How I Redefine 'Happiness Is a Choice' as Someone With Depression


I see it all the time. I even have a fridge magnet with these exact words printed on it in cute fonts and bright colors. But what does it mean? When we say just “choose happy,” we make it sound like we have a simple choice. We can choose to be happy or we can choose to be sad, we can choose to allow our mental illness to consume us. Like it’s a choice, like it’s what we want. It’s almost offensive.

Instead of choosing to be happy, I’ve decided to choose to make choices that are good for me. Good for me physically, good for me mentally. I don’t say this lightly, it is tough. It is so difficult sometimes.

I choose to take my medication. I don’t particularly like it. I struggle with accepting I need it. But I know it makes a difference, I know it makes me feel better. So, I do it.

I choose to communicate. With my family and with my friends. Even when it’s hard, even when it’s uncomfortable and confronting. I do it because I have learned the hard way sharing how I feel and sharing the issues I am facing makes them easier to face.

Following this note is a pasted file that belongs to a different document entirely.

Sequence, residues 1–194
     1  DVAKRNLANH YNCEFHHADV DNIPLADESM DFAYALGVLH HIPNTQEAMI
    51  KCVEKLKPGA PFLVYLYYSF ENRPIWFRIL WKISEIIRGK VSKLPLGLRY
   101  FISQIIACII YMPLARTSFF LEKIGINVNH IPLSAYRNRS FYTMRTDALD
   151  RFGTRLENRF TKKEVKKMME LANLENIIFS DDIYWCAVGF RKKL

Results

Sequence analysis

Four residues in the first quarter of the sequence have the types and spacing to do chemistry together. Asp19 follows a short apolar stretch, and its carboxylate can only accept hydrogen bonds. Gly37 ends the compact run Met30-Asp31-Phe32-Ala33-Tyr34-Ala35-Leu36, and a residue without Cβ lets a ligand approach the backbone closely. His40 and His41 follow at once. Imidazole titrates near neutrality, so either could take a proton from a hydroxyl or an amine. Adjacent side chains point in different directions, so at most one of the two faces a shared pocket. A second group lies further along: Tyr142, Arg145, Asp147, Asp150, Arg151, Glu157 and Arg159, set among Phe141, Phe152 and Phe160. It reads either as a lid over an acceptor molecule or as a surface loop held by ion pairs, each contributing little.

I choose to exercise. My volleyball team sucks and it’s bloody hot up here all the time. But I know I feel better after it. I know playing volleyball makes me happy and I know getting outside is good for me.

I choose to clean my room and make my bed. I am incredibly lazy when it comes to housework. In that sense, I am a terrible housemate. But I know walking into a messy room makes me feel anxious, so I tidy it. I vacuum my floor and I put my clothes away. I do it because it makes me feel like I’ve achieved something. It makes my room feel like a safe place to be.

I choose to only drink coffee in the morning. I love coffee. I could drink it all day. But I know I’ll be awake all night with a racing heart rate. And I know that’s not good for me.

I choose to eat food that tastes good and makes me feel good. This includes chocolate. But I know that I’ll have more energy and I’ll be happy with myself if I am treating my body well.

I choose to spend time with people who are good for my mental health. Even when all I want to do is be alone. I’m lucky I have people who are happy to just hang out without needing to do anything. I know that surrounding myself with people who are supportive will lift me up and reassure me when I need it. I know sometimes all I need is to just sit with someone. I know when I isolate myself, I overthink situations and get into a vicious cycle of negative thinking.

That’s how I’m “choosing to be happy.” I don’t always get it right, I don’t always follow my own rules, but each day I get better at making good choices and improving my mental health.

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